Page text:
~Joe
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    Doing it wrong until I do it right. xvart's Avatar
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    Quote Originally Posted by [b
    Quote[/b] (seedjar @ Dec. 22 2006,4:03)]I'm not sure exactly where the Kelvin scale comes from; it's some physics thing - I think it has to do with the color of light emitted by some sort of metal when you heat it to a given temperature or something.
    The Kelvin scale was created as the absolute scale of temperature meaning that 0 (zero) K is the absolute lowest theoretical temperature at which point there is no heat energy in matter. Essentially, all matter and atoms stop moving and radiating any heat. The increments of measurement for the Kelvin scale and the Celcius scale are equivilent; the only difference is the zero mark on each scale. Kelvin equals -273 deg. C (it's actually like 273.xx something) so zero degrees kelvin equals -273 deg C.

    Of course this is the calculated 'absolute zero' and has never been achieved nor observed. Additionally, there is no 'degree sign' when shorthanding the temperature in writing like the little circle next to the F and C in other scales. A simple 'K.'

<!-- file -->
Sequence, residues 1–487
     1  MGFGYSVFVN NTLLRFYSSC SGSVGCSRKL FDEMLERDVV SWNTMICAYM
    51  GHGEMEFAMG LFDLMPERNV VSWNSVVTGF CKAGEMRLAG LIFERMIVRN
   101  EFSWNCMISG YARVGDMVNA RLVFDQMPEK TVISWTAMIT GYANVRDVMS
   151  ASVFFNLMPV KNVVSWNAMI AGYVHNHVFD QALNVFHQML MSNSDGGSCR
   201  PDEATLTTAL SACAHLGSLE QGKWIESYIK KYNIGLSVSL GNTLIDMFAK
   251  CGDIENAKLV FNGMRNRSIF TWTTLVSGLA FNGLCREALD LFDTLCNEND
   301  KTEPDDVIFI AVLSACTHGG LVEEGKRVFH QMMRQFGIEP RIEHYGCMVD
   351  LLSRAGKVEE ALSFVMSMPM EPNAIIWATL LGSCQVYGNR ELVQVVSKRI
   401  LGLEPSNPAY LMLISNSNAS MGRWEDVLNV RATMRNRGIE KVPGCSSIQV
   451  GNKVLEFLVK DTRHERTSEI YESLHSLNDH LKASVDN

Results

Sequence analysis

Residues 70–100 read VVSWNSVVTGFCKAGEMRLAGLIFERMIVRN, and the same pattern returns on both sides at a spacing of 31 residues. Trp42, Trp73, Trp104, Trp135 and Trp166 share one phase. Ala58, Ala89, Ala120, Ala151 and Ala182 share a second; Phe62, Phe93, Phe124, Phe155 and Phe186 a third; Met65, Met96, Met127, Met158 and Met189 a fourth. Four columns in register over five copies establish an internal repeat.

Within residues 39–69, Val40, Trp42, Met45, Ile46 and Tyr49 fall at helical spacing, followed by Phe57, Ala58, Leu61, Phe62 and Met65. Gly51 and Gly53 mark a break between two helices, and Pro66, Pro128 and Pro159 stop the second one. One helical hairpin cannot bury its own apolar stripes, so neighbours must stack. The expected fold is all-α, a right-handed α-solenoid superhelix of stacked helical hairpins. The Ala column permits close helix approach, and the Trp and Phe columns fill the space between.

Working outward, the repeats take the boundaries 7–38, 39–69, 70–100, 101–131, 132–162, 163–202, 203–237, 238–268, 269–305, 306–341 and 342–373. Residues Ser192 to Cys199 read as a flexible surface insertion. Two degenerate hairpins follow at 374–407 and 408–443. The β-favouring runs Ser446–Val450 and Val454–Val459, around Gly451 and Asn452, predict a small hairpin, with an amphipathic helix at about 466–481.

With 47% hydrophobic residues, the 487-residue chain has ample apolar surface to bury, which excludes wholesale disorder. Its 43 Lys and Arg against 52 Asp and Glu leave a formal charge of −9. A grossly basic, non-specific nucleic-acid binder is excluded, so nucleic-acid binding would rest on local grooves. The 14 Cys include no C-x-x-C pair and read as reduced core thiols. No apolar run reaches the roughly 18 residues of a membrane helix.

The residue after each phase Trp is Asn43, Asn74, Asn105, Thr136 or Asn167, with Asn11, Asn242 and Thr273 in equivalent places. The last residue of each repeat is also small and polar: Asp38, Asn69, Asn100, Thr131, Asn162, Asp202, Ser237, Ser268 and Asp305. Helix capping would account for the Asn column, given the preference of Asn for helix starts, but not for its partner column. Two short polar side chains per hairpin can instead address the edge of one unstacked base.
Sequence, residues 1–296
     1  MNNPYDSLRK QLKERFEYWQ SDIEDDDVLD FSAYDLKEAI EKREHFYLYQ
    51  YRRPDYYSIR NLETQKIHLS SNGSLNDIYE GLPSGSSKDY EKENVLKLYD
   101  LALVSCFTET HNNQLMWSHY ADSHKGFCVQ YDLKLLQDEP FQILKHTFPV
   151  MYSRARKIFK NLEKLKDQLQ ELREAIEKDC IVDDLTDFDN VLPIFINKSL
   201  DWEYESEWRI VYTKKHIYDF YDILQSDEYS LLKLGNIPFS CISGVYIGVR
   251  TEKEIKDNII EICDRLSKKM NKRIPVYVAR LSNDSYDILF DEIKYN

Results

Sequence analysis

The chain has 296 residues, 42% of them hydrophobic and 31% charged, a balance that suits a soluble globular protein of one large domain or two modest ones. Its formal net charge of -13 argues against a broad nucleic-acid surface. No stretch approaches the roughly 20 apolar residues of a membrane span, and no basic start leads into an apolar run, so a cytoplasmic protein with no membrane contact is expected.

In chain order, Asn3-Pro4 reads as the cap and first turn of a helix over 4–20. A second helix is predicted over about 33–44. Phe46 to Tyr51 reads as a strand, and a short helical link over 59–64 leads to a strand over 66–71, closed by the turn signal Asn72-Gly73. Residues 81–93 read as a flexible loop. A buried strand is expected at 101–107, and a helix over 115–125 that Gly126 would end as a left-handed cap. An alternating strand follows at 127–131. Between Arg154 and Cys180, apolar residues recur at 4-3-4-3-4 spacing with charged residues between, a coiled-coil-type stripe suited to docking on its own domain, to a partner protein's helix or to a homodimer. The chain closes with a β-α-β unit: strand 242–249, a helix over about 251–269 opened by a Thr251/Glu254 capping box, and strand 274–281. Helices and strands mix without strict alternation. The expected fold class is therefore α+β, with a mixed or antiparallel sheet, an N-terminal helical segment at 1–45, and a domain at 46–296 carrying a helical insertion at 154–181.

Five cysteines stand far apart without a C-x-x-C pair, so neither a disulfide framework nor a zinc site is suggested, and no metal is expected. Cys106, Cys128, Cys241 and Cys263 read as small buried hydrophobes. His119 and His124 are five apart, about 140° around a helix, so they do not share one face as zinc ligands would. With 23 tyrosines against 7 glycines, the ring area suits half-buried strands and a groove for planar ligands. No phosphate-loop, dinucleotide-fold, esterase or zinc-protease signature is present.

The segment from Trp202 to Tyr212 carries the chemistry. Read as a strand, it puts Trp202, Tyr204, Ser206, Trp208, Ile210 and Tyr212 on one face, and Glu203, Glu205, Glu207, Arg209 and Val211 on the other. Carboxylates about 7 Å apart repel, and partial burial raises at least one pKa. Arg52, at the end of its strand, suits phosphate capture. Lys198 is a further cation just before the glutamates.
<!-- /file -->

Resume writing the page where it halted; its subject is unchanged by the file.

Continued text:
I knew majoring in physics in college would have some practical application!

    xvart.

    edit: it's 273.15 (I just looked it up). Interestingly enough, you only capitalize kelvin when it starts a sentence or you are referring to the Kelvin scale. You learn something new everyday! Needless to say I corrected those mistakes as well.
    "The tragedy of life is not that every man loses; but that he almost wins."

    "Quis custodiet ipsos custodes?"

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    Stay chooned in for more! Clint's Avatar
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    Ok... I thought kelvin temperature was a theoretical black body and the light it emits at different temperatures in the kelvin scale?

  8. #8
    Let's positive thinking! seedjar's Avatar
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    I'm talking about the Kelvin scale of light frequency, which has to do with the temperature (relative to absolute zero, hence the necessity for measurements in kelvin) of a black body radiating light of a given color. Not the general measurement of temperature.
    ~Joe

    PS - Excellent ninja skillz, Clint.
    o//~ Livin' like a bug ain't easy / My old clothes don't seem to fit me /
    I got little tiny bug feet / I don't really know what bugs eat /
    Don't want no one steppin' on me / Now I'm sympathizin' with fleas /
    Livin' like a bug ain't easy / Livin' like a bug ain't easy... o//~